How I Plan To Get Through College With Scholarships
This is a guest blog post written by student writer Jenn Crim.
There are a lot of things for which I'd be willing to go into debt. A house, a trip to Paris, and an island vacation top the list. However, the one thing it looks like I will be going into debt for didn't make the list: College. My parents have paid for the first two years of my college education at a community college and (thanks to them) I currently have no college debt. But when I step on to the campus of my four year university later this year, I know the price I will be paying, and it's a price I can't currently finance. That's when I got the idea: scholarships. Now, I know I'm not the first one with this idea and I won't be the last, but I'm currently on a quest to apply for and (hopefully) be awarded enough scholarship money to pay for my last two years of college. Here are some tips for anyone else who has the same idea and would like some guidance:
1. Search for scholarships by major. When I first started my scholarship search, I searched broad topics. "Scholarships for college students" was one of my categories. I wanted to expand my list of scholarships and also find scholarships I would be more likely to win, so I branched out and started searching for scholarships specific to my major, graphic design. I couldn't have been more surprised to find a ton of scholarships for design students! Many of these scholarships require sending a portfolio of your work, or writing an essay about your design career, but I know I'm better about writing what I'm majoring in than just a standard essay. Search for scholarships specific to your major.
2. Ask your professors about scholarships. I asked one of my professors to write me a recommendation letter for several scholarships, and she was kind enough to forward me several scholarship opportunities that she found for which I might be able to apply. Professors are a great resource, especially if they are teaching a class within your major. Don't be afraid to reach out to them and ask them if they know of any local scholarships. Teachers have a lot of students, and even more connections than you would think. They are also always there to help. I had the same professor email me several ideas for scholarship opportunities for a study abroad trip as well. All you have to do is ask!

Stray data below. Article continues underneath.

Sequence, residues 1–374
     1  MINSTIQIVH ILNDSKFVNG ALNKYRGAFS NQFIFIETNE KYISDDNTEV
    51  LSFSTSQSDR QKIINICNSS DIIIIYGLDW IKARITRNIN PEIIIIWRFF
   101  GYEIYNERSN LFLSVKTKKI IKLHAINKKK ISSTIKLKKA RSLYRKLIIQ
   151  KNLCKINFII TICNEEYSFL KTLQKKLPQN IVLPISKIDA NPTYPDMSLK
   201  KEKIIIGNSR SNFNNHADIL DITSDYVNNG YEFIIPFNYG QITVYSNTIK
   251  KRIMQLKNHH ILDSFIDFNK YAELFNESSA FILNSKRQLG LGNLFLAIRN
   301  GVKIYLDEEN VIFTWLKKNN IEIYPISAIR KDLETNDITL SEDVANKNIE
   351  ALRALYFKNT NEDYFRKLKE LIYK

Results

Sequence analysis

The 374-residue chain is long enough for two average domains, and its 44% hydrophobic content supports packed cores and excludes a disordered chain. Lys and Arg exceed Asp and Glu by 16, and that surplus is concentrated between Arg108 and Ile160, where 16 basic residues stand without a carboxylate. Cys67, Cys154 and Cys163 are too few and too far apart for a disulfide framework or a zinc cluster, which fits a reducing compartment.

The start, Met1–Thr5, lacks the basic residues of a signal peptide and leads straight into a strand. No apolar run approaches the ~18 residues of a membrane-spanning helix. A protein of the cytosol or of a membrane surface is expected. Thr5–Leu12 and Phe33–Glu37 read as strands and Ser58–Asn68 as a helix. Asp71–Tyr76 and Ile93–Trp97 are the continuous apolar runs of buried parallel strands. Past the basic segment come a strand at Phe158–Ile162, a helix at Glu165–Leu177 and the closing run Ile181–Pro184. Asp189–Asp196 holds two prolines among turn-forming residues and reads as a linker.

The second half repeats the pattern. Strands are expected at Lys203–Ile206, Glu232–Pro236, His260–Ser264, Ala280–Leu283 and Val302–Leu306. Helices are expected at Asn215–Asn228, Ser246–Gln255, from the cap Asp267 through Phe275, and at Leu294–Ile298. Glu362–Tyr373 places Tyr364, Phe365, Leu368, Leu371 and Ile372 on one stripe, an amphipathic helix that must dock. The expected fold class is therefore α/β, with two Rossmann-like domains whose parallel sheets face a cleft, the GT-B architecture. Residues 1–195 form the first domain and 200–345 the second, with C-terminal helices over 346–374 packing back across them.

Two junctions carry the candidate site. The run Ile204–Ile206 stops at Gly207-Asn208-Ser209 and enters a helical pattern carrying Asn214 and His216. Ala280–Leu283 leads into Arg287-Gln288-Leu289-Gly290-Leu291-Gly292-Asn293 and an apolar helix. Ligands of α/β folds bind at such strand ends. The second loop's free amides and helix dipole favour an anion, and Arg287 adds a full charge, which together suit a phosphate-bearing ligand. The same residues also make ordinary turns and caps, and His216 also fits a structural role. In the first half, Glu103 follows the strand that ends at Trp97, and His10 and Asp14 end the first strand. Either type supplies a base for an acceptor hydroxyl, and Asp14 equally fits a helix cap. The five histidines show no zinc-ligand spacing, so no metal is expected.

3. Look for scholarships in your local area. One of the top scholarships I've applied for is being offered by a Women's Group right here in my home county. I searched scholarships that were specific to my state and area. A lot of states have statewide scholarships, whether they are from organizations or clubs. A local organization in my area also offers a huge scholarship to students in my major every year. Do your research. Sometimes scholarship searches take hours on Google, but those hours could turn into you not graduating with college debt. I don't know about you, but I'd rather spend a few hours on Google than a few years paying off college loans!
4. Use Scholly While searching Pinterest for anything scholarship-related. I came across a pin about an app called "Scholly". Created by three Drexel University students, Scholly helps students to find and 'save' scholarships. I found 50% of my scholarships using Scholly. You can personalize your search in Scholly and find scholarships particular to your state, race, GPA, gender, grade, major, and more. Scholly also allows you to save any scholarships you think you'd like to apply for and provides you with a list of your saved scholarships. It is not only incredibly handy to find scholarships, but to keep track of the ones you're hoping to apply for as well.